La Jetée (1962).
Chris Marker’s visionary and innovative short film tells the story of a bleak future in which the survivors of the nuclear holocaust of World War III resort to time travel to try and avoid their fate.
But what sets “La Jetée” apart is not just its inventive treatment of the problems and perils of time travel. It is also the film’s technique — “La Jetée” tells its story almost entirely with still images (shot in superbly moody black and white) and voiceover narration, with only the occasional sound effects or music cues. The result is hypnotic, matching the dream-like pace of the story and its emphasis on the fleeting snapshots of memory.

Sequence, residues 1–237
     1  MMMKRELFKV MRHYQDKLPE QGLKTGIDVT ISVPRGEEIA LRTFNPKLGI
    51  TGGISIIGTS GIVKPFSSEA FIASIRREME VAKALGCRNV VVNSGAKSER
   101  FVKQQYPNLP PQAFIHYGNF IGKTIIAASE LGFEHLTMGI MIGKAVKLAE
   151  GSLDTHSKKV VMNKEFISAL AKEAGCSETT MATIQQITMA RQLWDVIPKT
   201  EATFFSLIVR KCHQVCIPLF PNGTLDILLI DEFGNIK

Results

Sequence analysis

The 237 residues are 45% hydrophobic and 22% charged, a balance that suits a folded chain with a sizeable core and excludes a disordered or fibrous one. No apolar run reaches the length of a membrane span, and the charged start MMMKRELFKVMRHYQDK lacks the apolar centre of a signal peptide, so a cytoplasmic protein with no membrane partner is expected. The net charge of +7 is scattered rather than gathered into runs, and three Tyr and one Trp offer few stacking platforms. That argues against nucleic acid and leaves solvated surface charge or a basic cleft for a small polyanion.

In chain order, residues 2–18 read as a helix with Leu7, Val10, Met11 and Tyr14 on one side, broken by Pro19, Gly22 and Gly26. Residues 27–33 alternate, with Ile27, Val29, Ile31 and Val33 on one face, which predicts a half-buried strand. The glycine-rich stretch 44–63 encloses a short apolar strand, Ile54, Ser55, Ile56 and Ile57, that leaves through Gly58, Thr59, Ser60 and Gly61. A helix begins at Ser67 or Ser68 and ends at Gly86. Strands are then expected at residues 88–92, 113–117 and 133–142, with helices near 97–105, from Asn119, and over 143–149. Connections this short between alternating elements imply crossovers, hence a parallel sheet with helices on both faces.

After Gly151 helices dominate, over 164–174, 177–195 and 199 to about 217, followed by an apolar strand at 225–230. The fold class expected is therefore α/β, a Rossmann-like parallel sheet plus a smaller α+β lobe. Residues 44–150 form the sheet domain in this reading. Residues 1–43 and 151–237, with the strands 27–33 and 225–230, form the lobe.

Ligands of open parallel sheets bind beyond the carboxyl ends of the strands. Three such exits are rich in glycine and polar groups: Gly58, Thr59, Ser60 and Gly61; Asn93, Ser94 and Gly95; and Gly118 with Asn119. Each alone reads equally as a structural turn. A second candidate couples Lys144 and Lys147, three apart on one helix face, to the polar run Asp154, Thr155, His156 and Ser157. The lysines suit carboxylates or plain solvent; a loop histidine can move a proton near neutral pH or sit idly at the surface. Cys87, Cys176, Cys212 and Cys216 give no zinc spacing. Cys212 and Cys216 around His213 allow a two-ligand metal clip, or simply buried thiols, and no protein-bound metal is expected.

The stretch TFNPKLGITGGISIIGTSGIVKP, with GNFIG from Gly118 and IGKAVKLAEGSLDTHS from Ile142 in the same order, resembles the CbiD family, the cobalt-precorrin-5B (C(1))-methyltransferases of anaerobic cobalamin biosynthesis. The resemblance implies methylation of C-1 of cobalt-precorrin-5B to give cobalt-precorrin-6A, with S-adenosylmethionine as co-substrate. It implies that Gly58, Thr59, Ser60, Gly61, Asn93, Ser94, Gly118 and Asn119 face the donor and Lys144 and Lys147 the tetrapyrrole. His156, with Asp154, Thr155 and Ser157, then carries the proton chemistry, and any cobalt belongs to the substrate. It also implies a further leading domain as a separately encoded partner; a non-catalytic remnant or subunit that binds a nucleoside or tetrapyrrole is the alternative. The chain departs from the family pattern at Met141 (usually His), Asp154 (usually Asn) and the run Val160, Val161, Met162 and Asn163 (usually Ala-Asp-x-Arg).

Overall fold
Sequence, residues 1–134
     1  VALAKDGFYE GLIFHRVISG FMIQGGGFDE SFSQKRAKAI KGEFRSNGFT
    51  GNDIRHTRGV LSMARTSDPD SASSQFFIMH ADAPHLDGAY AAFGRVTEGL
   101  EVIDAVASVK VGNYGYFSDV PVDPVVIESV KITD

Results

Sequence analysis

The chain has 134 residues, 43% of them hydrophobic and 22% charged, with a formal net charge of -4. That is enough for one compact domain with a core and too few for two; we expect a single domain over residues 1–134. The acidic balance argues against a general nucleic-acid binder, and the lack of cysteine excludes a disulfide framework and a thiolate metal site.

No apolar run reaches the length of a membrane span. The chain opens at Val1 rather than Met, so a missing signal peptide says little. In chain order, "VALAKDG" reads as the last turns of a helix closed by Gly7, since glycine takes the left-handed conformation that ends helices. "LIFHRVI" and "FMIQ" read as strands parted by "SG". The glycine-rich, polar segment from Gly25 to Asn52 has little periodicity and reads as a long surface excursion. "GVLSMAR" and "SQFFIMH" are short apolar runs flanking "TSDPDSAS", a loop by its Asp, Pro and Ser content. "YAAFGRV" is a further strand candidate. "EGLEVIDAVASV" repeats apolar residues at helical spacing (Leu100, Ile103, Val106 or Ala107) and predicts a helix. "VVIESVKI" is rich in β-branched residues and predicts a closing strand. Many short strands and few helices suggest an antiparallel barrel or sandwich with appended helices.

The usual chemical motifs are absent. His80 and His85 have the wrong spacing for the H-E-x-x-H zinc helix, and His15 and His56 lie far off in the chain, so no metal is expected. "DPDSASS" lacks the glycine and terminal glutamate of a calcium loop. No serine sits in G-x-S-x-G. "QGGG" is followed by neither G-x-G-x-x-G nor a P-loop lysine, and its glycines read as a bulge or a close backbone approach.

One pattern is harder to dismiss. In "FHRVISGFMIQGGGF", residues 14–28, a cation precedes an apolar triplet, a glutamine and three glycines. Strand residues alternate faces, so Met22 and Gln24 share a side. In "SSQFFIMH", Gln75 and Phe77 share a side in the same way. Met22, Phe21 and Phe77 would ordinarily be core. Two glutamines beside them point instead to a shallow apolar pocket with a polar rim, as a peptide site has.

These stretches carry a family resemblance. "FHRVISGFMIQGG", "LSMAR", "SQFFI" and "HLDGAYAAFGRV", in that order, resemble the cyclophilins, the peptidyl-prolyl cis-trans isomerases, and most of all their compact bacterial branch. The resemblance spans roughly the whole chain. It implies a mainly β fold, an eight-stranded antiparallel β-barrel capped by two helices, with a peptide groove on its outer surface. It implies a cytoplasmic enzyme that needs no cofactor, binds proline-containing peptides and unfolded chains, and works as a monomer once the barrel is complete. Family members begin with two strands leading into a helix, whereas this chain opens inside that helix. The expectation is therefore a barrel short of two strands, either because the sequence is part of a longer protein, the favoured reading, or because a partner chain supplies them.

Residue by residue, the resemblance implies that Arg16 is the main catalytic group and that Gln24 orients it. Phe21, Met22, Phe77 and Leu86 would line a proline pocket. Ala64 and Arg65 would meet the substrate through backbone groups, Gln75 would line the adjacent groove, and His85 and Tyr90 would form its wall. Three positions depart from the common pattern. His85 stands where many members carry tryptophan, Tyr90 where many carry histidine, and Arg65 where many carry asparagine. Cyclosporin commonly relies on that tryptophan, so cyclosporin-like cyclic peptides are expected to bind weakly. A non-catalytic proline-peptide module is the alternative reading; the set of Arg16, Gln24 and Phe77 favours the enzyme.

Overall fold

The one moving shot in the film. Simple, sublime and romantic.
The film was inspired by the scene in “Vertigo” (1958) in which James Stewart and Kim Novak count the rings of a giant sequoia tree. In turn, it would also serve as the source material for “12 Monkeys” (1995).
“12 Monkeys” and “Alphaville” (1965).
Take a Look:
Here it is, in its entirety: